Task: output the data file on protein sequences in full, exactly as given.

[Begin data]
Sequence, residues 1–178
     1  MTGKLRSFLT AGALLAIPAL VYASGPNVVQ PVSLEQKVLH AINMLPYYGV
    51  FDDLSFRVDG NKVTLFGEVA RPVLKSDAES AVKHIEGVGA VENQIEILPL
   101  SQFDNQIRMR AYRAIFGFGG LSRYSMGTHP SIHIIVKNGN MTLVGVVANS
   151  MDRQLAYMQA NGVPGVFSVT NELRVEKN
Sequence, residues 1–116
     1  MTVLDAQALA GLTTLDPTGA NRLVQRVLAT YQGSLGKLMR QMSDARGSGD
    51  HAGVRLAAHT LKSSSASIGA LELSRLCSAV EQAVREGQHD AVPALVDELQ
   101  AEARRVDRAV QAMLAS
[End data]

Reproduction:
Sequence, residues 1–178
     1  MTGKLRSFLT AGALLAIPAL VYASGPNVVQ PVSLEQKVLH AINMLPYYGV
    51  FDDLSFRVDG NKVTLFGEVA RPVLKSDAES AVKHIEGVGA VENQIEILPL
   101  SQFDNQIRMR AYRAIFGFGG LSRYSMGTHP SIHIIVKNGN MTLVGVVANS
   151  MDRQLAYMQA NGVPGVFSVT NELRVEKN
Sequence, residues 1–116
     1  MTVLDAQALA GLTTLDPTGA NRLVQRVLAT YQGSLGKLMR QMSDARGSGD
    51  HAGVRLAAHT LKSSSASIGA LELSRLCSAV EQAVREGQHD AVPALVDELQ
   101  AEARRVDRAV QAMLAS